I first got to know Julie ten years ago, when we worked together setting up a charter school in Houston to serve New Orleans students displaced by Hurricane Katrina. Not only is Julie a successful teacher and school leader, but she’s also someone who cares deeply about equity issues in our public schools.
Julie wrote the following thoughts in the comments section of my recent post on opposition to the new funding formula for New Orleans public schools and I thought they were worth sharing. Special thanks to Julie for bringing her perspective to the debate.
Let’s put it another way. All the money that goes to New Orleans students is one big pile of money. Lusher students (and all OPSB students) have been getting more than their fair share of that pile, and now there is a movement to make it more fair so that all kids in New Orleans, regardless of where they go to school, get the same amount of funding to educate them.
Last year, Lusher built its budget on $8578 per student.
Last year, RSD schools built their budget on $7300 per student.
RSD schools receive additional funding for each student if they have special needs and services must be provided. For example, if a student needs speech services, the school receives an additional $1400. If a student is autistic and needs a one-on-one paraprofessional, the school receives an additional $23,000. This formula was agreed upon and put into place by the RSD leadership to respond to student needs at the school level. OPSB does not divvy up the special education money it receives from the federal government this way. The money does not follow the student.
In the new formula, the base for all children would be the same throughout the city, and the special education money would follow the student. This means that regular education students, those without disabilities, would all get the same amount of funding. However, Lusher and OPSB schools have far fewer special education students, which means they would get less special education money overall. Right now, Lusher has fewer than 5% of its students who need special services. My school has 19% needing services. A full third of my staff is dedicated to those students, and those services (which are federally mandated) cost money.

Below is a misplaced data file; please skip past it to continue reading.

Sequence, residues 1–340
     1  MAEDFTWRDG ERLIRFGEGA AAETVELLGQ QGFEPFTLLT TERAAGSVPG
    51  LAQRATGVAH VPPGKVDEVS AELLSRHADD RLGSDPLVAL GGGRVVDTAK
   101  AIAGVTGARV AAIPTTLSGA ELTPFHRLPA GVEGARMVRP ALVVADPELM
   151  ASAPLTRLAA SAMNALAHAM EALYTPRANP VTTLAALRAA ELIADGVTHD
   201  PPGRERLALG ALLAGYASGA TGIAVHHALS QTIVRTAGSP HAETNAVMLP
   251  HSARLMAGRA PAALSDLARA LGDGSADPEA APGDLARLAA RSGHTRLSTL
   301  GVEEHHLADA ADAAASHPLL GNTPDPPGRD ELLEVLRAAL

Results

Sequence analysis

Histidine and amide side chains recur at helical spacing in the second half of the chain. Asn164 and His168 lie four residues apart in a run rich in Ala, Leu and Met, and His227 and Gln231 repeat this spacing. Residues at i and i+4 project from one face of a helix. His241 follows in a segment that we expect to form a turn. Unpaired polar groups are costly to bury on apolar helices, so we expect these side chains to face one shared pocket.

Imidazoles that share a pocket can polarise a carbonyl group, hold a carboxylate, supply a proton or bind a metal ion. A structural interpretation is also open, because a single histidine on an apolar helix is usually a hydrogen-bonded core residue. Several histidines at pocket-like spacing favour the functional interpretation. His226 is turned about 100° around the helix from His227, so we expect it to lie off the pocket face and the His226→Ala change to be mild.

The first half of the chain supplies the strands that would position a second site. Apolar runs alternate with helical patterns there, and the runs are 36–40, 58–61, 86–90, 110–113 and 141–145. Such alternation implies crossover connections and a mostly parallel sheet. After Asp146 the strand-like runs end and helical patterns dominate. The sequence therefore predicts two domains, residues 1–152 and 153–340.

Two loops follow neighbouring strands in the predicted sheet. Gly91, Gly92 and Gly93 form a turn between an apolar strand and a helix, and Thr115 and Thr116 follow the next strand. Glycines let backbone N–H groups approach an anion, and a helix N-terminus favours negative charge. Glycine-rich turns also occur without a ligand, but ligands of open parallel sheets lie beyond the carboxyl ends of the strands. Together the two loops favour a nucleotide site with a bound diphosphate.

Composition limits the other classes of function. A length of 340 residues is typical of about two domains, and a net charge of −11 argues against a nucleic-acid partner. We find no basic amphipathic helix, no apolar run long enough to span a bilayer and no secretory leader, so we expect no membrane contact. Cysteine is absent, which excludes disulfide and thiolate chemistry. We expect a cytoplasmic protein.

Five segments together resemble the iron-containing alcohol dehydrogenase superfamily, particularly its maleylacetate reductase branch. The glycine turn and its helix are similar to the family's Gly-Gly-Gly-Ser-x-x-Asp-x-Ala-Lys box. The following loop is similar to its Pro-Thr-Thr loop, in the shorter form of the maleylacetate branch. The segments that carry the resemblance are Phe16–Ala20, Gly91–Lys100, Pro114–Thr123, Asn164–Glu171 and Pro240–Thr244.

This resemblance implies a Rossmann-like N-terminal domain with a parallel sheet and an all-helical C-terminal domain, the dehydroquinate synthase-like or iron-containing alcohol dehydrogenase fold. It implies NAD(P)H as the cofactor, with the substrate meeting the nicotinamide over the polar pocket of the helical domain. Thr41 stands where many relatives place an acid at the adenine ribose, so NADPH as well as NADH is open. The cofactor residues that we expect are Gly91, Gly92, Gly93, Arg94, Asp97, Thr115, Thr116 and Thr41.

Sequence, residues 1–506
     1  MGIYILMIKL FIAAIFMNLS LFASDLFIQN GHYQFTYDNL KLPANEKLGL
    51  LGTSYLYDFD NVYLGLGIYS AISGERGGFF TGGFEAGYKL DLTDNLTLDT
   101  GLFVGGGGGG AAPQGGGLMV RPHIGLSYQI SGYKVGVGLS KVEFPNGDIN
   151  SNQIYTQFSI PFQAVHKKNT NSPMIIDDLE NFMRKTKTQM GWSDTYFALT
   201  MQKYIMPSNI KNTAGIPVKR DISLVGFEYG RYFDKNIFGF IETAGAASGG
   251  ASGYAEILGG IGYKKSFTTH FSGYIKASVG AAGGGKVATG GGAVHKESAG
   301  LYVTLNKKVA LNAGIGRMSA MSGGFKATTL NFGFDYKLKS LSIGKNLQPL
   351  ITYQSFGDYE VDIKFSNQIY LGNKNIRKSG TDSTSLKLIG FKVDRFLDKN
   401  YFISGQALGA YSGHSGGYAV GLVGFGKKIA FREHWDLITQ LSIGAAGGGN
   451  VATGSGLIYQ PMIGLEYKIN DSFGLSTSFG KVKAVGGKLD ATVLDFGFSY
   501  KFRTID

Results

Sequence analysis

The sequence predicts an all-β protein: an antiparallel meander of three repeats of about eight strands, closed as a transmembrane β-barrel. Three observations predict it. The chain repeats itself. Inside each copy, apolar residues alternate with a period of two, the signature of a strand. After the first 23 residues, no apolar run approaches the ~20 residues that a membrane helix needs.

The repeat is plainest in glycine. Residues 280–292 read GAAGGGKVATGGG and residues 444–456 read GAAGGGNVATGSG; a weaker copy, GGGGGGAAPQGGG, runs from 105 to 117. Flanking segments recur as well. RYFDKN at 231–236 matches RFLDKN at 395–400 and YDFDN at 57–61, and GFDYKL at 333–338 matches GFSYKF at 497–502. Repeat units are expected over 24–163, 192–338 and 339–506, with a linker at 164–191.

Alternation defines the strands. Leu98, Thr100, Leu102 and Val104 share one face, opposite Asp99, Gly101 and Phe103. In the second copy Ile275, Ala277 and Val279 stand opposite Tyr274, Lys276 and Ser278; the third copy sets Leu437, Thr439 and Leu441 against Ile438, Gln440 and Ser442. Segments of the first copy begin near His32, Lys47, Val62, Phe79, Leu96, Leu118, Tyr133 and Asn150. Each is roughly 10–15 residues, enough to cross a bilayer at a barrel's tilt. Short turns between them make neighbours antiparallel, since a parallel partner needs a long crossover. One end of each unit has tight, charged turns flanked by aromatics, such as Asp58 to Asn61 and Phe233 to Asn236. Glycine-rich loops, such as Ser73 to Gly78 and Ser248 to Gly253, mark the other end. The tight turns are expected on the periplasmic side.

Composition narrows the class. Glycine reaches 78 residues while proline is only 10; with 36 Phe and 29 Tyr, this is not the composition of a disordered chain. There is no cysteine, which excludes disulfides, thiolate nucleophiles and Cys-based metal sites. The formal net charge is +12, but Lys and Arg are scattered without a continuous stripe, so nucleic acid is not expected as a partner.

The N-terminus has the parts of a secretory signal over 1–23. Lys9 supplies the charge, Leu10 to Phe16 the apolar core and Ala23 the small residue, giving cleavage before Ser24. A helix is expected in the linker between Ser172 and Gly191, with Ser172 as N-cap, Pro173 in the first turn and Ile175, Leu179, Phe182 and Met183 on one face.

This isn’t about taking money from one set of schools (the “high performers” like Lusher) and giving it to those of us in the “historically failing and mismanaged schools.” This is about Lusher and OPSB schools resisting a funding change that funds each New Orleans child’s education at the same amount.
Lusher is arguing that Lusher students, by virtue of being selected to attend Lusher, deserve MORE of their fair share than other New Orleans students. Of course, Lusher will say that they need these funds to deliver the high-quality education, art, and sports programs. But I think we all agree that EVERY child in New Orleans deserves a high quality experience at school. Should Lusher students get smaller class sizes? Higher paid teachers? Higher-quality art facilities? More field trips? Because that’s what $1200 more per child buys them. It’s one thing to create an enclave of privilege because it selects for academic achievement. It’s a whole other thing to then say that these students deserve more than other students.
And let’s look at the results of giving the dozen OPSB schools more money per child than the 75 RSD schools. Lusher has 18 million dollars in an endowment. That means that they have extra money each year that they can put into savings, and that extra money earns $340,000 in interest each year that Lusher uses as revenue. I spend that same amount ($400,000) to provide transportation to the children in my school each day, a practice that Lusher chooses not to engage in. And unless Lusher has 260 staff members, they are spending WAY more than the typical RSD school on staff salaries.
If we as a city agree that Lusher students deserve more because they are academically higher achieving, then we should at least be transparent about it. Instead of having an unequal funding structure, we should create a “special kids deserve more” fund and allocate it from the big pile of money that all New Orleans students share. But until we as a city agree that certain kids deserve more because they belong to a certain school, then we should fund all kids equally.